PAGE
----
Requirement(s): Division II w/Lab and Quant

Approach: Quantitative Methods (QM); Quantitative Readiness Required (QR); Scientific Investigation (SI)

Units: 1.0

(Spring 2013)

**PHYS B142 The Search for Life in the Universe
**

This course will investigate the biological, chemical, and astrophysical factors believed to be necessary for extraterrestrial life to exist, and perhaps to communicate with us. It also will explore possible homes to such life in both our solar system and the greater Milky Way galaxy. Also, see PHYS B172 which is PHYS B142 without the laboratory. Lecture three hours, laboratory two hours.

Requirement(s): Division II w/Lab and Quant

Approach: Quantitative Methods (QM); Quantitative Readiness Required (QR); Scientific Investigation (SI)

Units: 1.0

(Spring 2013)

**PHYS B172 The Search for Life in the Universe
**

This course will investigate the biological, chemical, and astrophysical factors believed to be necessary for extraterrestrial life to exist, and perhaps to communicate with us. It also will explore possible homes to such life in both our solar system and the greater Milky Way galaxy. Also see PHYS B142 for the lecture/laboratory course.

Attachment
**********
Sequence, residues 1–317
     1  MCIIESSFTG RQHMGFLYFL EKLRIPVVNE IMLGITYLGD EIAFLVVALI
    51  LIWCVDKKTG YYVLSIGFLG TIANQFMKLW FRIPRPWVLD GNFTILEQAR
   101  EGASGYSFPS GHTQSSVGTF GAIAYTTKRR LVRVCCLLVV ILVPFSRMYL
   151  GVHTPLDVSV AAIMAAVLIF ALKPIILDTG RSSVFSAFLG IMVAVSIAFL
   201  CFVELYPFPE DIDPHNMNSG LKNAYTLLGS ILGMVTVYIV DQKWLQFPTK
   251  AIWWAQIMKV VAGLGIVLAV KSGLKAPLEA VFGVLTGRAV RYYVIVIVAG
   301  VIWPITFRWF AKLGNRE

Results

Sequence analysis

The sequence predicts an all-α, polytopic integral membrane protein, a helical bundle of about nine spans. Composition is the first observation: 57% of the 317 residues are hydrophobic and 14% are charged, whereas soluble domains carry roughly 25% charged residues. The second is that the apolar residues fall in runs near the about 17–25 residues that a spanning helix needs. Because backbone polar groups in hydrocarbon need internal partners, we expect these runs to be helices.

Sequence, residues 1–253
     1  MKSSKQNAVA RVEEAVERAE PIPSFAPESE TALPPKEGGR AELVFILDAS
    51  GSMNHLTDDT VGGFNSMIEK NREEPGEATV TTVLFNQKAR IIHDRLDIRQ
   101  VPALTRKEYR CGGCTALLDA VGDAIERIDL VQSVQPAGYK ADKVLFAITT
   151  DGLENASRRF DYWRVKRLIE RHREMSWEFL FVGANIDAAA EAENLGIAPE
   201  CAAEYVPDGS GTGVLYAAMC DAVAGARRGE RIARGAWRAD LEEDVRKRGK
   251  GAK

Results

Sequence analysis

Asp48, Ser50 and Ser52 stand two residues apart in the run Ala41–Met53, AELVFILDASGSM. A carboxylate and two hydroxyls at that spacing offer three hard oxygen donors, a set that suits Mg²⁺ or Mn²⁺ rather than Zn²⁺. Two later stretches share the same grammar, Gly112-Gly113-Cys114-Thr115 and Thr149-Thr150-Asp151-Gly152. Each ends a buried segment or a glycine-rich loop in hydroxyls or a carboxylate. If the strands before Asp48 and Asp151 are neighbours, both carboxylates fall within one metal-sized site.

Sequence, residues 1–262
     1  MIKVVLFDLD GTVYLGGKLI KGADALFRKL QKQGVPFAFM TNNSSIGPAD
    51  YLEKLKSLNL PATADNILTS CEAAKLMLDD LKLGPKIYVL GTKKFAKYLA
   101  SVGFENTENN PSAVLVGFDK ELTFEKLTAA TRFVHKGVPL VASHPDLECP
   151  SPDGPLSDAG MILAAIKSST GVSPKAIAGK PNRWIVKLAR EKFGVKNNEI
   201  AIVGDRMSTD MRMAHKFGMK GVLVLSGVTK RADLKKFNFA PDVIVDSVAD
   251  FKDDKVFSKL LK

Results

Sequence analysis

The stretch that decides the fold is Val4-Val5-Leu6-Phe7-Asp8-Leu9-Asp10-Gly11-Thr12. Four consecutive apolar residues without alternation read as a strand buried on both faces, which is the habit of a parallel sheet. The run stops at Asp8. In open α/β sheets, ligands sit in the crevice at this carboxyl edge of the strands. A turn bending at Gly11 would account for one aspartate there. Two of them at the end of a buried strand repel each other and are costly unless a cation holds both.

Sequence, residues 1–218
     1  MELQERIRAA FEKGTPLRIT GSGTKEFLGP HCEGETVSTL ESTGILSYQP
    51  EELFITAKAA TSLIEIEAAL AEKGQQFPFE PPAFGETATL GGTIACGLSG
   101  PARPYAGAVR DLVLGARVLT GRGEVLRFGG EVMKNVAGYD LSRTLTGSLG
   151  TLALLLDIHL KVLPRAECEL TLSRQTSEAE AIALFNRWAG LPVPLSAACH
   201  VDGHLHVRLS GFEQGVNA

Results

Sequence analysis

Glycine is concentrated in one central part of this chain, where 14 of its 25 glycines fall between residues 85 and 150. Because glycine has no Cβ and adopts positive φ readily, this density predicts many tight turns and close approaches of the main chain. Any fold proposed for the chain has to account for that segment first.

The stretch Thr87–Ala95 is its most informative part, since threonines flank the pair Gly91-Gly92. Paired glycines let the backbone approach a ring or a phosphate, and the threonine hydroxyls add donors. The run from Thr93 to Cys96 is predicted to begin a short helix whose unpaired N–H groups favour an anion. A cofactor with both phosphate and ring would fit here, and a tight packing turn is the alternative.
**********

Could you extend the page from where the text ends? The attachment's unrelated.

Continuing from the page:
Requirement(s): Division II and Quantitive

Approach: Quantitative Methods (QM); Quantitative Readiness Required (QR); Scientific Investigation (SI)

Units: 1.0

(Spring 2013)

The lecture material covers electro- and magneto-statics, electric and magnetic fields, induction, Maxwell’s equations, and electromagnetic radiation. Scalar and vector fields and vector calculus are developed as needed. The laboratory involves passive and active circuits and projects in analog and digital electronics. Lecture three hours, laboratory three hours. Prerequisite: PHYS 102 or 122. Corequisite: MATH 201.

Requirement(s): Division II w/Lab and Quant

Approach: Quantitative Methods (QM); Quantitative Readiness Required (QR); Scientific Investigation (SI)

Units: 1.0

(Fall 2012)

**PHYS B214 An Introduction to Quantum Mechanics
**